Immigrant Youth and Allies Say: Enough Political Games, Protect Immigrant Youth Now!

Sheridan Aguirre Press Releases

For Immediate Release
Media Contacts:
Bruna Bouhid | | 202-850-0812
Samy Olivares | | 929-285-9623
María Ponce | | 202-394-2139

MONDAY, March 5 @ 11AM,
American History Museum

Washington, D.C. – On Monday, March 5th, we reach the cruel deadline that Trump gave Congress to fix the crisis he started when he rescinded the Deferred Action for Childhood Arrivals (DACA) program. Although thousands of young immigrants are currently living without protections from deportation and more will join them, Congress has yet to do their job to protect immigrant youth.

On March 5th, immigrant youth, together with community members, people of faith, labor advocates and progressive leaders will continue to put pressure on Members of Congress to deliver a breakthrough.

We will march to Capitol Hill to share the stories of the young immigrants most impacted by the inability of Congress to pass a simple, narrow legislative solution like the Dream Act.

We will share the stories of people impacted by Trump’s cruelty and Congress’ inaction such as:

  • Miguel Reyes Garcia, a DACA recipient who has lived in New Jersey since the age of nine and was profiled by ICE and locked in a detention camp.
  • Dennis Rivera – Sarmiento, an undocumented high school student  from Texas with plans to graduate this May, but was detained after standing up to a bully at school. Although Dennis didn’t qualify for DACA protections, he would benefit from the Dream Act.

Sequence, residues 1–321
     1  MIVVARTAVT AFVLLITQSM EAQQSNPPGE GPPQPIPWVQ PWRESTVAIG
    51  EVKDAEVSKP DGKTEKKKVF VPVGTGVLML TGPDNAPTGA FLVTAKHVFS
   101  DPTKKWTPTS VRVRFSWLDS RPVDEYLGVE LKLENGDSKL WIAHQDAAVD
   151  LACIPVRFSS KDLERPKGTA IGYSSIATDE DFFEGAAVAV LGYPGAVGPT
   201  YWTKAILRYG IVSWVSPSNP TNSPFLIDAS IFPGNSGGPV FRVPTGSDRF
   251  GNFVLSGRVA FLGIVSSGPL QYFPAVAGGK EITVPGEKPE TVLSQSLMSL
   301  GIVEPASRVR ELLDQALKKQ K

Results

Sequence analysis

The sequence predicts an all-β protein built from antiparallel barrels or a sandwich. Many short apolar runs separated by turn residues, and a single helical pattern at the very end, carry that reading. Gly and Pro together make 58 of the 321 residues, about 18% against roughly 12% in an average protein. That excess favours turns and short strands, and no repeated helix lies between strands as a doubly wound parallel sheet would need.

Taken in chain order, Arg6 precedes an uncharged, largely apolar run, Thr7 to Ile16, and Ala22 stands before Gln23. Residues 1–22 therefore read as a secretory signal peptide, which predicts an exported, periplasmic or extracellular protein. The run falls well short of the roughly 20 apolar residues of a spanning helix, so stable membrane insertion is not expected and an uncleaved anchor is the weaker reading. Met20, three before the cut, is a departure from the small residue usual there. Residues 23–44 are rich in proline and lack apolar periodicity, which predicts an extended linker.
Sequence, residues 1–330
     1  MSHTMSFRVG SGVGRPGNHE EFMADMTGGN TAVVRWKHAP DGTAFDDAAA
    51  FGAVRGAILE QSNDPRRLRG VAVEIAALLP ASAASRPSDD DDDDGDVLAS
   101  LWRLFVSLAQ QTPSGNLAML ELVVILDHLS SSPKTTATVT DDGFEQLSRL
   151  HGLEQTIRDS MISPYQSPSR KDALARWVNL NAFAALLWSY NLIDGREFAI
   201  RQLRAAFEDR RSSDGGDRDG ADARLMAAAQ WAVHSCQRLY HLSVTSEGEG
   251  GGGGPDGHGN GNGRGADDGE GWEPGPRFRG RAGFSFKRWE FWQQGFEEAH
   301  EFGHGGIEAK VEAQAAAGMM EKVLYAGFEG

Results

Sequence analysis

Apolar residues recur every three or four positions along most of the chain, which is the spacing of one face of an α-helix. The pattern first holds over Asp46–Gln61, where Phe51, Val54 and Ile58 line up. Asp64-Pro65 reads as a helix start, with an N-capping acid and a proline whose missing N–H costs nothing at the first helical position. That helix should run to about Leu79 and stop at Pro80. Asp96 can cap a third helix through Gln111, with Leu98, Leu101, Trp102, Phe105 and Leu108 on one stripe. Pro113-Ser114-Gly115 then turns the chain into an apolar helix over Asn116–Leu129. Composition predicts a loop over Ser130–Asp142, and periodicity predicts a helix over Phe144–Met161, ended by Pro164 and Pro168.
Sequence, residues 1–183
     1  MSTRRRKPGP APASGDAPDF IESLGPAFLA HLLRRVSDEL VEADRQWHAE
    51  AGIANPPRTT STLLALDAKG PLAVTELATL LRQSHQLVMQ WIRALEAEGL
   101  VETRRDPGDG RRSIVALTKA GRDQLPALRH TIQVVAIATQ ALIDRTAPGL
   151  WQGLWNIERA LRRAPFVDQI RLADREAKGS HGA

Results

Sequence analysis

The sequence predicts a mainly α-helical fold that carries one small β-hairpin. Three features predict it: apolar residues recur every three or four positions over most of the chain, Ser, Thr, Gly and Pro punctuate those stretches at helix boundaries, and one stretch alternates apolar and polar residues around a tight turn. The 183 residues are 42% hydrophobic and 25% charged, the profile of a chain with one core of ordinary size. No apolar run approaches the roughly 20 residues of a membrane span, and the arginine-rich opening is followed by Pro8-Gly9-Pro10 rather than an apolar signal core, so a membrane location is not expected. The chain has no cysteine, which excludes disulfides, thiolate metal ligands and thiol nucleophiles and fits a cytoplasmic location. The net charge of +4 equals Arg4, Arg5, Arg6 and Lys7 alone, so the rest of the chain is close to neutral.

• Edder Rizo Sanchez who was detained with his DACA but has been kept in a detention camp since November.


WHAT: Enough Political Games: Protect Immigrant Youth Now!

WHEN: Monday, March 5th starting at 11am ET


WHO: Immigrant youth, together with community members, people of faith, labor advocates and progressive leaders.


United We Dream is the largest immigrant youth-led organization in the nation, a powerful network made up of over 400,000 members and 48 affiliate organizations across 26 states. UWD’s vision is to build a multi-racial, multi-ethnic movement of young people who organize and advocate at the local and national levels for the dignity and justice of immigrants and communities of color in the United States.